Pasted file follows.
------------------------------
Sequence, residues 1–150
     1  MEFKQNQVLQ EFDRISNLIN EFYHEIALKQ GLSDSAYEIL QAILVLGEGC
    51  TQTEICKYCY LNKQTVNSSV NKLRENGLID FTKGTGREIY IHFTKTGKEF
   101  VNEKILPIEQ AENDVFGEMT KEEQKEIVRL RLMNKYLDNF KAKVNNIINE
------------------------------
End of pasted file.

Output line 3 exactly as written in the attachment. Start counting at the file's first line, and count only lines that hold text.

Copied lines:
    51  TQTEICKYCY LNKQTVNSSV NKLRENGLID FTKGTGREIY IHFTKTGKEF